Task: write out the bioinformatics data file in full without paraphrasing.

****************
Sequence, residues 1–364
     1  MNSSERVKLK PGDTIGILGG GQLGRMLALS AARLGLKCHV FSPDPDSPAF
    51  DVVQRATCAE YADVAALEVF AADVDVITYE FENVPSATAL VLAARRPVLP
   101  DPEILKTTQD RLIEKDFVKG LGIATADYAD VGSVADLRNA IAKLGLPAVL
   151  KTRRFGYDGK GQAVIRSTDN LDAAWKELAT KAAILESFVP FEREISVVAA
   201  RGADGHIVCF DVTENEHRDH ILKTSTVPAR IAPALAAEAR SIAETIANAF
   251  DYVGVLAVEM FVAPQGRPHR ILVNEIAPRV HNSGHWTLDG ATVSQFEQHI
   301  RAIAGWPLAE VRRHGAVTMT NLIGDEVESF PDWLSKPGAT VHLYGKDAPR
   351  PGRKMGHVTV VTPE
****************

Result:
Sequence, residues 1–364
     1  MNSSERVKLK PGDTIGILGG GQLGRMLALS AARLGLKCHV FSPDPDSPAF
    51  DVVQRATCAE YADVAALEVF AADVDVITYE FENVPSATAL VLAARRPVLP
   101  DPEILKTTQD RLIEKDFVKG LGIATADYAD VGSVADLRNA IAKLGLPAVL
   151  KTRRFGYDGK GQAVIRSTDN LDAAWKELAT KAAILESFVP FEREISVVAA
   201  RGADGHIVCF DVTENEHRDH ILKTSTVPAR IAPALAAEAR SIAETIANAF
   251  DYVGVLAVEM FVAPQGRPHR ILVNEIAPRV HNSGHWTLDG ATVSQFEQHI
   301  RAIAGWPLAE VRRHGAVTMT NLIGDEVESF PDWLSKPGAT VHLYGKDAPR
   351  PGRKMGHVTV VTPE